US President George W. Bush is to unveil “new initiatives” to help Cubans and push for democracy in the communist-run nation, the White House said Friday.
Bush is scheduled to speak on Cuba policy at the State Department on Wednesday where he will announce “new initiatives to help the people of Cuba,” White House spokesman Tony Fratto said Friday.
The announcement comes as Cuban leader Fidel Castro continues to be sidelined from power since undergoing gastrointestinal surgery in July 2006. Castro’s brother, Raul, is serving as president while his elder brother recovers.
The US leader angered Cuban officials last month when he said before the United Nations General Assembly that the long rule of “cruel dictator” Castro “is nearing its end” and that Cubans were “ready for their freedom.”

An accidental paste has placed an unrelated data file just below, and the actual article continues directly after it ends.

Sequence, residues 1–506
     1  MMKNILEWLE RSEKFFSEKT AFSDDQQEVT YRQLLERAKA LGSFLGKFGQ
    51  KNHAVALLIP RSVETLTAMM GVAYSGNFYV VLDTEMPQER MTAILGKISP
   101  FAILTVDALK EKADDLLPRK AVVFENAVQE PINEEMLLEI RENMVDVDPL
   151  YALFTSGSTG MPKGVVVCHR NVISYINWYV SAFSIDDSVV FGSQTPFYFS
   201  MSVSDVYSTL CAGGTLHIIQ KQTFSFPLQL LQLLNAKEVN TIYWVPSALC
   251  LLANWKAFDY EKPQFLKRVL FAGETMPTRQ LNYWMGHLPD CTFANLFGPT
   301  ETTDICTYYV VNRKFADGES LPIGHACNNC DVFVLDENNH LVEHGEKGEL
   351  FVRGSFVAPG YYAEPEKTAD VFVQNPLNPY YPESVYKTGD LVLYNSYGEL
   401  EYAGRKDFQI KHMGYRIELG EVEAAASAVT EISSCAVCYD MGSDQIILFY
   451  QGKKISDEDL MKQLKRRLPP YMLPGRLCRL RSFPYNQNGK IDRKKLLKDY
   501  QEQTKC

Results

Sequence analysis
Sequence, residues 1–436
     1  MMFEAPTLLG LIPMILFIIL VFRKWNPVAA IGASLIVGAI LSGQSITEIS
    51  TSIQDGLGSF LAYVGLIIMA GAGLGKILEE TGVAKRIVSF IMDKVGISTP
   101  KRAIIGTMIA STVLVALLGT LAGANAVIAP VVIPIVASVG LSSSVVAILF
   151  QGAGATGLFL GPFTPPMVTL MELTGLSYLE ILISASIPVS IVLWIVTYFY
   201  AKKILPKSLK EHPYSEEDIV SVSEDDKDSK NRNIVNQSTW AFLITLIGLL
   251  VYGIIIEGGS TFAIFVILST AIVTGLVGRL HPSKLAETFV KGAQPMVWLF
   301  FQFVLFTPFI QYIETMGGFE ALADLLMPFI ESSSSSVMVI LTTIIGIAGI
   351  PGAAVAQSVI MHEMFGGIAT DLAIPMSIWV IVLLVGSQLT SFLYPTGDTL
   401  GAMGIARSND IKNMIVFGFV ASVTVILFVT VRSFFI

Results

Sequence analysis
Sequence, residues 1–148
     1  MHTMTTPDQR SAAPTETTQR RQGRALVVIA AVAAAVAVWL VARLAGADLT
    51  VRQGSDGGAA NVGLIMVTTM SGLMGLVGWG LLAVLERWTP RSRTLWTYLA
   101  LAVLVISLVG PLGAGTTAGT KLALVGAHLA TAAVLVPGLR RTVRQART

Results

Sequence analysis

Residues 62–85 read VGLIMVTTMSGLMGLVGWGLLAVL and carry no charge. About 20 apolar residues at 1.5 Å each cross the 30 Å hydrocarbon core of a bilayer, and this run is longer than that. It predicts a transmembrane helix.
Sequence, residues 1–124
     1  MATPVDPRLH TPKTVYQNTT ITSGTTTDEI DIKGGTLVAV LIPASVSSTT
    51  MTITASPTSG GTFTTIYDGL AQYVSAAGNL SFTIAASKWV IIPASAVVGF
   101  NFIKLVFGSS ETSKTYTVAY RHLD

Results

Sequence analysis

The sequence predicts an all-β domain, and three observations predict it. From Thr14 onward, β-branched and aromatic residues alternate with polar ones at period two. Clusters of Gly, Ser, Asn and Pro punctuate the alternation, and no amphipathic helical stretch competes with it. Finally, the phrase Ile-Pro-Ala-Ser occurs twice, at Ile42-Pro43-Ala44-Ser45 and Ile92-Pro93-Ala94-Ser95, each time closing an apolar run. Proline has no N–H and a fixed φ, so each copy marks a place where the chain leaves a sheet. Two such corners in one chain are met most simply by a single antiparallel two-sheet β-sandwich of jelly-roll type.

Cuban Foreign Minister Felipe Perez Roque walked out of the General Assembly hall when Bush made the remarks.
“The President intends to emphasize the importance of democracy for the Cuban people and the role the international community can play in Cuba’s transition, by insisting on free speech, free assembly, free and competitive elections, and the release of all political prisoners,” Fratto said.
The White House and State Department did not elaborate on the “new initiatives.”
Tom Casey, a State Department spokesman, said, “The United States wants to be able to be in a position to assist the Cuban people as they move through that transition” from nearly a five-decade rule by Castro.
When asked whether a longstanding US economic embargo on Cuba should be lifted during the transition, Casey said, “We believe that what should be lifted is the longstanding embargo on the rights of the Cuban people that’s been imposed by Fidel Castro.”